Although there were many similarities between Stoics (unsuccessful abolitionists) and Quakers (successful abolitionists) — great success in trade and commerce, strong focus on equality of the sexes, high value placed on education — the Stoics did not succeed in changing their society as much as one would hope. It’s a salutary reminder that the sort of Enlightenment ideals we now hold as standard were seldom held as standard in the past, and often lost out in the marketplace of ideas. Even when a Stoic emperor — Marcus Aurelius — managed to be the exception that proves Lord Acton’s dictum, he did not abolish slavery or the ludi. He humanised the former (requiring an application to court and discharging the evidential onus on the balance of probabilities before a slaveowner could exercise the vitae necisque potestas, for example) and let anyone who would listen know that he and the Empress Faustina (she was a Stoic as well) absolutely bloody hated the ludi and only went out of a sense of duty. Faustina also did the sort of attractive ‘first lady’ things one would expect from a Stoic with power: providing free education to orphan girls, for example, by means of an intelligently designed voucher system.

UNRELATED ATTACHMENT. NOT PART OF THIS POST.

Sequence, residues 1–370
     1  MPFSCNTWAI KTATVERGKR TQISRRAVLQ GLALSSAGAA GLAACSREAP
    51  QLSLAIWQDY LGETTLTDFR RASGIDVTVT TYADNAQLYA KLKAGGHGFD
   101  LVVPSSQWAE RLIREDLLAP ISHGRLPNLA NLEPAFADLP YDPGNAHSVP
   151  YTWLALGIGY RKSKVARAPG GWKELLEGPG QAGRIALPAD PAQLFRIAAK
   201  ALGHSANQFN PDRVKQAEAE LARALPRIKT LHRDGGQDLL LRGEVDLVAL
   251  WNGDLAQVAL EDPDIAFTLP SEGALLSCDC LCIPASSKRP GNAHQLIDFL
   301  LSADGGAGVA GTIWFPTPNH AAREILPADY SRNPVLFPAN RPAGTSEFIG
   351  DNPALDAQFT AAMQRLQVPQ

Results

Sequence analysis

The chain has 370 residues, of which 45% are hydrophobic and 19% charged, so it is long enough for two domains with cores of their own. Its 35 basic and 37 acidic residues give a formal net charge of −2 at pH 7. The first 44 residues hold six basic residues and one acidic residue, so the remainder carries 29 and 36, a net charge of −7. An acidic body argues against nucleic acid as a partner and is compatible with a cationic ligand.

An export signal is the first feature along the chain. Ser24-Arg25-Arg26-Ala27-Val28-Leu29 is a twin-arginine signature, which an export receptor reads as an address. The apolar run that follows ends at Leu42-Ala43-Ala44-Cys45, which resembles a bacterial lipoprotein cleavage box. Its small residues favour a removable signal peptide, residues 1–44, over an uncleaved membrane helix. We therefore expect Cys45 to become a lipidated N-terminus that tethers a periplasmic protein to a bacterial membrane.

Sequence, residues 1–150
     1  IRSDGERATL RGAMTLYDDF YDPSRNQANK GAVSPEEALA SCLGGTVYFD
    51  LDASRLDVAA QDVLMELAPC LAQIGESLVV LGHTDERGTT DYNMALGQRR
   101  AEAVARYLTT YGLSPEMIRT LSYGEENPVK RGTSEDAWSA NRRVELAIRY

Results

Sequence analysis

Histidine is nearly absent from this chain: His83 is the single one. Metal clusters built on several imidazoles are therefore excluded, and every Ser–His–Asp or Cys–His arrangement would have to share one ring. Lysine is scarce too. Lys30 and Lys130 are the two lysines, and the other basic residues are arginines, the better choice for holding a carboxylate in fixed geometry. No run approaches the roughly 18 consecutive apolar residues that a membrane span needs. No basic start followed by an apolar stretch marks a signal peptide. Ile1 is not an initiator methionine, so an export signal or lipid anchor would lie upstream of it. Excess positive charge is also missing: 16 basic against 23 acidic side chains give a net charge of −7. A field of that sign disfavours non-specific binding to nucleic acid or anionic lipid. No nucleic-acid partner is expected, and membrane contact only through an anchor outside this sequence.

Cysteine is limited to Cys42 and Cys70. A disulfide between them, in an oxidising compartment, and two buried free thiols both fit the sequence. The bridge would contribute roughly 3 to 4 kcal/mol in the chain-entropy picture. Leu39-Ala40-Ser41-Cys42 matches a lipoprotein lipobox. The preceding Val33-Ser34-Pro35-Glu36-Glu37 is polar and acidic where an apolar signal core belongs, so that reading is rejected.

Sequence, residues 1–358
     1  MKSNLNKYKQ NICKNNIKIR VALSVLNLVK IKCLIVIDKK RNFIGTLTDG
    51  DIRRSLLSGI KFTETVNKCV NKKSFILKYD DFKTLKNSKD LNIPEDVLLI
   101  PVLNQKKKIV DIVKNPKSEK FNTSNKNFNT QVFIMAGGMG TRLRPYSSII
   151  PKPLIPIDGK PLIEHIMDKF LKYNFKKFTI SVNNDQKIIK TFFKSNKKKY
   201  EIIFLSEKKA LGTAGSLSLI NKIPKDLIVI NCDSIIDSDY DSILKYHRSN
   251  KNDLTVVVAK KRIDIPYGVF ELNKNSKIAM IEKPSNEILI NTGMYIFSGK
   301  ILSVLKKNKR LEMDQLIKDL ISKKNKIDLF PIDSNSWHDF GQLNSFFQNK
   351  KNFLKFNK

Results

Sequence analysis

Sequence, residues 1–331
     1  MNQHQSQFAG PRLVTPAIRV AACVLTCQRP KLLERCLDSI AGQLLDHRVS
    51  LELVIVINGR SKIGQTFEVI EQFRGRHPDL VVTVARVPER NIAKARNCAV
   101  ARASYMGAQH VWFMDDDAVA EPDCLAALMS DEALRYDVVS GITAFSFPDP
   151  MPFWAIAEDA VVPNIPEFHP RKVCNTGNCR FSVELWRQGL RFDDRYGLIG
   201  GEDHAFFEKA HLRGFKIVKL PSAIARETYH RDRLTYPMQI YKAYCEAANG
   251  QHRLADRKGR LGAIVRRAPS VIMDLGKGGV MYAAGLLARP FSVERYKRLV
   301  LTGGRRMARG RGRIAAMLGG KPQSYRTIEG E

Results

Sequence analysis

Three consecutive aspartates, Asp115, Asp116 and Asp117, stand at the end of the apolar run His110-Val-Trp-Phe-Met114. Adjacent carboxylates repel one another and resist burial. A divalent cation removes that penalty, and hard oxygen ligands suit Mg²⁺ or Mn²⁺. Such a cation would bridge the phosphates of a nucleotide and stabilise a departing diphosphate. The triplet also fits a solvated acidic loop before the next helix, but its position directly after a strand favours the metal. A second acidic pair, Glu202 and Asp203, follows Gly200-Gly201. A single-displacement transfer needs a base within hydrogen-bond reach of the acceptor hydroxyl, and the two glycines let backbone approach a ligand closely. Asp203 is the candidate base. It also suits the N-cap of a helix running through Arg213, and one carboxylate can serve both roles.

In other words, Marcus and Faustina ‘went native’. Perhaps one reason the Quakers succeeded and the Stoics failed is that the Test Acts ensured that Quakers had no opportunity to ‘go native’. They had to keep fighting for every good thing they got, and they couldn’t fight from within the House of Commons, not being able to stand for public office.

So where does this leave us?